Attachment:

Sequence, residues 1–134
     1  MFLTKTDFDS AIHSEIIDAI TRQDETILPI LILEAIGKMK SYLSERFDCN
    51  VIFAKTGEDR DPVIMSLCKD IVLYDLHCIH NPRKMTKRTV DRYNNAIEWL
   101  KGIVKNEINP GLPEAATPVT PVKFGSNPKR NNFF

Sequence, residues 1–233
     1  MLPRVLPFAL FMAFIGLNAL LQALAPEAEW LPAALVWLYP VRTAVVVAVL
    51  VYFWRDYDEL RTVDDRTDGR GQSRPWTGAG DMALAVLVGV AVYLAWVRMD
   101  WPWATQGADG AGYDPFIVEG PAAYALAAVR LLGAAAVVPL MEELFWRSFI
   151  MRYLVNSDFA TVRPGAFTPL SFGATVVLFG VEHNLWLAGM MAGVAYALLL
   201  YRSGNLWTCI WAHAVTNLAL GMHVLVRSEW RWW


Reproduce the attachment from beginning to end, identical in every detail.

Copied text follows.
Sequence, residues 1–134
     1  MFLTKTDFDS AIHSEIIDAI TRQDETILPI LILEAIGKMK SYLSERFDCN
    51  VIFAKTGEDR DPVIMSLCKD IVLYDLHCIH NPRKMTKRTV DRYNNAIEWL
   101  KGIVKNEINP GLPEAATPVT PVKFGSNPKR NNFF

Sequence, residues 1–233
     1  MLPRVLPFAL FMAFIGLNAL LQALAPEAEW LPAALVWLYP VRTAVVVAVL
    51  VYFWRDYDEL RTVDDRTDGR GQSRPWTGAG DMALAVLVGV AVYLAWVRMD
   101  WPWATQGADG AGYDPFIVEG PAAYALAAVR LLGAAAVVPL MEELFWRSFI
   151  MRYLVNSDFA TVRPGAFTPL SFGATVVLFG VEHNLWLAGM MAGVAYALLL
   201  YRSGNLWTCI WAHAVTNLAL GMHVLVRSEW RWW